As the photo above shows, it was a gnarly plunge.
Covered by the impressive bandage on my forehead are six stitches, sewn with thread that’s royal blue. The black eyes match nicely, and are hematomas, a collection of blood that pools outside broken blood vessels, and which often appear after this kind of injury.
I’d like to say the accident happened while diving off the spectacular cliffs of Acapulco. Or, I’d like to say it
took place while perfecting my curtsy for an upcoming visit with Queen Elizabeth II. I’d be happy to recite either
of these scenarios.
But the fact is, where and how the fall happened was ho-hum.
I was walking on an uneven, black gravel road near the house where my daughter lives. Then I lost my balance.
But like every accident I’ve had, time slowed down during the descent.
My right foot caught first. Unable to catch myself, the other foot followed. Next my knees buckled, and finally, my forehead hit the ground with a loud thwack, taking the brunt of the fall. Thanks to that impact, I started to bleed, a lot. (Since there are a number of superficial blood vessels on our heads, even a minor cut can bleed profusely here.)
The wind was knocked out of me. But after a few minutes, or maybe more, I stood up and ever so slowly, returned to the house where I’d started the walk.
Then I looked into a mirror, which was a mistake.
This is because I saw that a chunk of my forehead had literally detached from my face. Thankfully, a washcloth placed over the mess calmed me down a bit because then I didn’t have to look at it.
Luckily, my daughter was less than five minutes away, and talking incessantly, she drove over and rushed me to the nearest urgent care clinic. On the way there, I called the Hubster and told him where to meet us.
As soon as the front office receptionist saw me, she immediately ushered us into an examination room.
Here, I was told I was going to need stitches. This did not sit well, because all I could picture was what I had seen in old movies: screaming children being held down by their parents while scowling doctors sewed them up. But I didn’t tell anyone because I was trying to hold it together for my child’s sake (and my own).
Forty-five minutes later, the physician came in. The Hubster had arrived by then, too, and held my hand while the doctor did what needed to be done.
This man was funny and kind, a retired surgical oncologist who was 73 years old and had spent most of his career putting soldiers back together at VA hospitals around the country. But, he said, he liked to stay in practice, so he drove about five hours a couple of times a week from his home in Northern California to work at this clinic.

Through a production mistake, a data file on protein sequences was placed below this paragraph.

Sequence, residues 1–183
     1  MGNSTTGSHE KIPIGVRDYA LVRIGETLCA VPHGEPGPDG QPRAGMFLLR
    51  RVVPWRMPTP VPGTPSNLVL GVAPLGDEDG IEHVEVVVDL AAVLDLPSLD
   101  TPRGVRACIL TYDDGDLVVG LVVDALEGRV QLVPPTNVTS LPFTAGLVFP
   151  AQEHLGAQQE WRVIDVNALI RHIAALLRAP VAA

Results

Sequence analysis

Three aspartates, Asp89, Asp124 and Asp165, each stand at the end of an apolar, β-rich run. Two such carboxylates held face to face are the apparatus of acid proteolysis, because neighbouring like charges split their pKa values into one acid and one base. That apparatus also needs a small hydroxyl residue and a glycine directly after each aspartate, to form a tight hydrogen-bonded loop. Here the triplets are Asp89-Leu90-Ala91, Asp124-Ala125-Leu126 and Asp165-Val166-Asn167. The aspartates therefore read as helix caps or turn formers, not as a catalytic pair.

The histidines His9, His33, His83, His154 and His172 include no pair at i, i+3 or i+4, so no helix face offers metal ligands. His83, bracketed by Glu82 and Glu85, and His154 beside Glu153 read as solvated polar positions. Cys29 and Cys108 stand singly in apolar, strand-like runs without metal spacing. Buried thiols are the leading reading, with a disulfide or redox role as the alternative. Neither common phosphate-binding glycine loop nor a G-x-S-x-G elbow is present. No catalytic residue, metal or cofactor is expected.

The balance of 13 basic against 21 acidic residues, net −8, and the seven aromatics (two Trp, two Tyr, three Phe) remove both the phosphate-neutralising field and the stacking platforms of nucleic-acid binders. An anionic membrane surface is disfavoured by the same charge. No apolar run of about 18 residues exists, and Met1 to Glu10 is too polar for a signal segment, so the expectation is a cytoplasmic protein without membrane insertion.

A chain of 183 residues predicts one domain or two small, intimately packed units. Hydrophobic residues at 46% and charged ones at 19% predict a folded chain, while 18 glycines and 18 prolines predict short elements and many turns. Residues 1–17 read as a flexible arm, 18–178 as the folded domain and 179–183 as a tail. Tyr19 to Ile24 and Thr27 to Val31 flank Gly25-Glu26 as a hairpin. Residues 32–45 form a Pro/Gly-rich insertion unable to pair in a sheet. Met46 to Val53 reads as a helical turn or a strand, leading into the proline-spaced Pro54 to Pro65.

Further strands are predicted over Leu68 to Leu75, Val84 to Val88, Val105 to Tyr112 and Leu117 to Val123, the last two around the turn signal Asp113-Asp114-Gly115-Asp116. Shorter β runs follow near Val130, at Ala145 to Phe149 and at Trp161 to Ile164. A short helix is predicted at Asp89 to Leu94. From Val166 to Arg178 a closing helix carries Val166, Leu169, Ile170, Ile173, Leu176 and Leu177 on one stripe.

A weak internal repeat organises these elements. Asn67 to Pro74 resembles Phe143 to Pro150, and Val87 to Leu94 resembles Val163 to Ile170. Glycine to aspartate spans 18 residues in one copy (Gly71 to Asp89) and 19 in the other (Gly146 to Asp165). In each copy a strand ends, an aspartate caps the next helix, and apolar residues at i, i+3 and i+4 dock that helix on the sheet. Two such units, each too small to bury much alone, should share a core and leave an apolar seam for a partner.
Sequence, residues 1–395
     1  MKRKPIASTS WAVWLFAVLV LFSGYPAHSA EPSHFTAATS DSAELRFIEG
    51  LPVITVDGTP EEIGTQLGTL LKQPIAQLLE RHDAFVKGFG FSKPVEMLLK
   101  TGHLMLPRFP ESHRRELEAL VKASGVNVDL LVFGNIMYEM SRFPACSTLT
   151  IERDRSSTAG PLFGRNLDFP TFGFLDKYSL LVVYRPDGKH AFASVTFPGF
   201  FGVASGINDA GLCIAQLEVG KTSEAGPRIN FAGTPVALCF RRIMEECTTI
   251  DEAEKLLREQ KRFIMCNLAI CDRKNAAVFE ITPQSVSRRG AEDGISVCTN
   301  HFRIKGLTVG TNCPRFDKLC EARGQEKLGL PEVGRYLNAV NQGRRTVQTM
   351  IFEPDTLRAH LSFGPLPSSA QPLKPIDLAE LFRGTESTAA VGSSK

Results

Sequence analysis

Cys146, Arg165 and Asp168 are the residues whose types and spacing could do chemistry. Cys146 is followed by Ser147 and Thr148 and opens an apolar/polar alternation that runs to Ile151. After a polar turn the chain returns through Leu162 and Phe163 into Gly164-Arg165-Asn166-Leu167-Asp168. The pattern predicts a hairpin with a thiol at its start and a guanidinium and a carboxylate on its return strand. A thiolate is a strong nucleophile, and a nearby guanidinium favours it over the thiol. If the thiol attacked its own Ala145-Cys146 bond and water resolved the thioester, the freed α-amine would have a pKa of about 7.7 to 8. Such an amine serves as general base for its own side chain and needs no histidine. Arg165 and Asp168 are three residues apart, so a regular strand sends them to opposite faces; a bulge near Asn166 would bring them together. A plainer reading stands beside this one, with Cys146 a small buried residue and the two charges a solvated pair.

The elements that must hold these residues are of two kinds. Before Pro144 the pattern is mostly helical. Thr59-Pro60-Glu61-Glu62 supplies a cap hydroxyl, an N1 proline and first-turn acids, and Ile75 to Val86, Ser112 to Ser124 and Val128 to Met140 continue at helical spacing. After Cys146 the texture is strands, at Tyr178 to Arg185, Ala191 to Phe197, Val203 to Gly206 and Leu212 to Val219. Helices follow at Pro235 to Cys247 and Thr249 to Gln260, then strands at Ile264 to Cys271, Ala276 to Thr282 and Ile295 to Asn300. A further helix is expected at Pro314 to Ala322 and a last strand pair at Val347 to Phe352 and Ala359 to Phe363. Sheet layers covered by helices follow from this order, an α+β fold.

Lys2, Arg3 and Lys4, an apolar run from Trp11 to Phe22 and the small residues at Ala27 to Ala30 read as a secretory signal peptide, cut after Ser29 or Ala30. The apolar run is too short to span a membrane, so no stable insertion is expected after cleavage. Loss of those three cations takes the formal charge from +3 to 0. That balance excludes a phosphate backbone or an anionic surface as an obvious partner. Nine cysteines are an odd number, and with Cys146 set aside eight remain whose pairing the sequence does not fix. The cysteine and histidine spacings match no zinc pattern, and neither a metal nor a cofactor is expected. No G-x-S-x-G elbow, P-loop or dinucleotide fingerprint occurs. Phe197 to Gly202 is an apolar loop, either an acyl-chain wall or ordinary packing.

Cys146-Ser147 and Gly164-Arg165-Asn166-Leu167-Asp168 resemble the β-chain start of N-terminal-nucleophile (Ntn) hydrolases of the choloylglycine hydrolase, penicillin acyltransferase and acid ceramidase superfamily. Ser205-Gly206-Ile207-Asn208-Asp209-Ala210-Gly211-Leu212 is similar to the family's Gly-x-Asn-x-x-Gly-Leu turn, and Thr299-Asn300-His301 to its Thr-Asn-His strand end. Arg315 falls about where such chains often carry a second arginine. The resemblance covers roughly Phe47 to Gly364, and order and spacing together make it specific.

What I appreciated most of all from him is that after I asked, he told me exactly what he was doing, step by step, no matter how mundane.
So, I remained quiet while he explained how he was cleaning the wound, and what was in the cluster of numbing shots he was administering below my scalp line. When the time came, the act of stitching me up felt only like prongs from a tiny fork, barely touching my head.
After a tetanus shot and some basic instructions—change the band aid at least once a day; use Neosporin, and keep the wound clean—I got home. I was also more than a little shook up when I realized how an ordinary walk could instantly become something way scarier.
And yet, I’m blessed.
I didn’t black out. I didn’t have a concussion. I didn’t break any bones. (After the accident, a friend told me about a friend of hers, who broke an arm and hand in 43 places after he fell.)
Also, we knew that we’d need to pay whatever the cost was.
But when the doctor saw I had no health insurance, he charged me the lowest tier the clinic offered—an
Then, upon hearing that the Hubster had once had to give his oldest daughter emergency stitches, this man gifted my spouse with a little kit—complete with metal clamp and scissors—to remove the stitches. (“If you put them in, you can take them out,” he said cheerily. Eight days later, while I sat perfectly still on a tall stool in our green and white kitchen, my husband did so.)
I also decided that I wasn’t going to let a jumbo bandage and black eyes stop me from going on a vacation that had been in the works for months.
So three days later, I hoped two planes to Chicago to meet a colleague. We had a great time—even though I got more than a few stares.
Since then, I’ve been applying Emu oil on my forehead to lessen the scarring. It looks pretty good. Arnica took care of the black eyes; those bruises are now nearly gone.
As John Lennon once said, “Life is what happens while you are busy making other plans.”
In this case, I accidentally took a small detour.